Site Navigation
Site Directions
Search AlgebraLAB
Career Profiles
Reading Comprehension Passages
Practice Exercises
Science Graphs
StudyAids: Recipes
Word Problems
Project History
Project Team

Word Lesson: Modeling with Sinusoids 2
In order to solve problems which require a sinusoidal model, it is necessary to
A typical problem requiring a sinusoidal model is a relationship between time and some other data. We are given some information about data values that repeat over a certain interval or period of time.
Scientists believe that the average temperatures at various places on Earth vary from cooler to warmer over thousands of years of gradual climate change. Suppose that at one place, the highest average temperature is 80º and the lowest is 60º. Also suppose that the time it takes to go from the high to low average is 20,000 years, and in the year 2000 the average temperature is at a high point of 80º. How can we use a sinusoidal expression to model this phenomenon?
Let T(t) be the temperature in a given year t. We can model this situation using
  • A is the amplitude
  • f is the frequency which is
  • t is the year
  • C/2pf is the phase shift
  • D is a vertical displacement (from the temperature of 0º).
Sometimes this is written as
  • B = 2pf
  • C/B is the phase shift, which is 2000 years to the high point of the cosine function.
We first notice that the range of temperatures is 20º. D = 70° is the average temperature around which the highs and lows vary. The temperature varies 10º above and below this mid-point. The variation is given by A = 10º which is the amplitude or amount of temperature change above and below 70º.
Second, the period of this temperature change is 40,000 years because that is the time it takes to go from 80º, then down to 60º, and finally back to (repeating) 80º. Therefore
We now have
We find C by noting that the value of this expression must be 80 when t = 2000. This means that
must equal 1 when t = 2000. This happens when
We could also set C/B = 2000 and solve for C, remembering that we have
Our final equation modeling this phenomenon is
This is a bit ugly, but it works! When we let t = 2000 we get
which was given as the average temperature in the year 2000.
We could also rewrite this expression by factoring out the
which more clearly shows that at t = 2000, T(t) = 80.
A graph is shown below using -80,000 < x < +80,000 counting by units of 20,000. A horizontal line is drawn at 70 indicating the midpoint of the average high and low temperatures. This calculator graph requires that the MODE be set for Radians. Notice that for year 2000 the average temperature is 80.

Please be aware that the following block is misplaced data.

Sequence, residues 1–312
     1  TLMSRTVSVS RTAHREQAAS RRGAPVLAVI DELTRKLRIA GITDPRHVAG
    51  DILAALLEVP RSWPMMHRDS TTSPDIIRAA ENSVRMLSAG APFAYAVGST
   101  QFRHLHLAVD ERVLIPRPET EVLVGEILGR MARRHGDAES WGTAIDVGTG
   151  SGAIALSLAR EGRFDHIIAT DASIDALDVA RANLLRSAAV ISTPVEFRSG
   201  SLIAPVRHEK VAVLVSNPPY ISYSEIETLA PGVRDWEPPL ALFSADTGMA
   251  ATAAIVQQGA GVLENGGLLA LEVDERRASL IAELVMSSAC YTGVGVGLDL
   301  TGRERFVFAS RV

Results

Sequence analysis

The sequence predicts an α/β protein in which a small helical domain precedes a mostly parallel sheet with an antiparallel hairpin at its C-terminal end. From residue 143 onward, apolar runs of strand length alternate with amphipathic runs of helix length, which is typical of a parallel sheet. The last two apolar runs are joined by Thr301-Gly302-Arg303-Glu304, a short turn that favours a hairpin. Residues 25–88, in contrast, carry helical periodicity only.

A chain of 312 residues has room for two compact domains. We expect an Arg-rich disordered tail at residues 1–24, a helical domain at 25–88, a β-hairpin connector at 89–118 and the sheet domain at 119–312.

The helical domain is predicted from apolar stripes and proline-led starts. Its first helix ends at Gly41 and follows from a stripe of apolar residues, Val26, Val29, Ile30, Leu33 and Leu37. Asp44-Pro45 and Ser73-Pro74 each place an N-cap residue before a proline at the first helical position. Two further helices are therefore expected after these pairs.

Trumpet A city averages 14 hours of daylight in June, 10 in December, and 12 in both March and September. Assume that the number of hours of daylight varies sinusoidally over a period of one year. Write an expression for n, the number of hours of daylight, as a cosine function of t. Let t be in months and t = 0 correspond to the month of January.
What is your answer?
Trumpet The average depth of water at the end of a dock is 6 feet. This varies 2 feet in both directions with the tide. Suppose there is a high tide at 4 AM. If the tide goes from low to high every 6 hours, write a cosine function d(t) describing the depth of the water as a function of time with t = 4 corresponding to 4 AM. (Note: this is an approximation since the actual time between high and low tides is not exactly 6 hours).
What is your answer?

Trumpet Astronomers have noticed that the number of visible sunspots varies from a minimum of about 10 to a maximum of about 110 per year. Further, this variation is sinusoidal, repeating over an 11 year period. If the last maximum occurred in 2003, write a cosine function n(t) which models this phenomenon in terms of the time t which represents the year.
What is your answer?
Example Trumpet An electric current alternates with a frequency of 60 cycles per second. This is called quite aptly alternating current and is the type of electrical system we have in our homes and offices in the United States. Suppose that at time t = 0.01 seconds, the current is at its maximum of I = 5 amperes. If the current varies sinusoidally over time, write an expression for I amperes as a function of t in seconds.
What is your answer?

This type of problem requires an understanding of the parts of the basic function model given by either where A is the amplitude and D is the midpoint between high and low points about which the values of y oscillate. There is a periodic change in y-values, meaning that the entire range of y-values repeats in a given period of time. This time interval is called the period of the function. The frequency f of this function is the reciprocal of the period and B = 2pf. The phase shift is the t location of a maximum point (if using cosine) and is the same as C/B. If you were to use a minimum point, we would place a negative sign in front of A when writing the final expression.
Note that it is often easier to use cosine rather than sine to model this type of periodic behavior. Use of a sine function requires use of a midpoint value rather than a maximum or minimum value for the function. We have not included examples which use a sine function as a model.

M Ransom

Show Related AlgebraLab Documents

Return to STEM Sites AlgebraLAB
Project Manager
   Catharine H. Colwell
Application Programmers
   Jeremy R. Blawn
   Mark Acton
Copyright © 2003-2024
All rights reserved.